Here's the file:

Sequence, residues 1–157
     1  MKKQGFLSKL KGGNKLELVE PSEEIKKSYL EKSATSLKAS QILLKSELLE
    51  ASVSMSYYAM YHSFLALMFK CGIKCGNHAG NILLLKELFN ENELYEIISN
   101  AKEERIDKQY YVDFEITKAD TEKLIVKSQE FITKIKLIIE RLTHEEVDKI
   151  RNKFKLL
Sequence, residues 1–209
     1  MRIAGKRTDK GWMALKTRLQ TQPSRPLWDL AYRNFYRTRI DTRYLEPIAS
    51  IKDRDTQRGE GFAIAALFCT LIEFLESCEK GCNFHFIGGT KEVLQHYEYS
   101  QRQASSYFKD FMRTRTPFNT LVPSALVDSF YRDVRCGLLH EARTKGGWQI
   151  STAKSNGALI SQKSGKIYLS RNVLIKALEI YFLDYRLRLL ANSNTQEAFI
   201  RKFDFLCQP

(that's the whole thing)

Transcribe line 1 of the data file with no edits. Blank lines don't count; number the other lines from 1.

Sequence, residues 1–157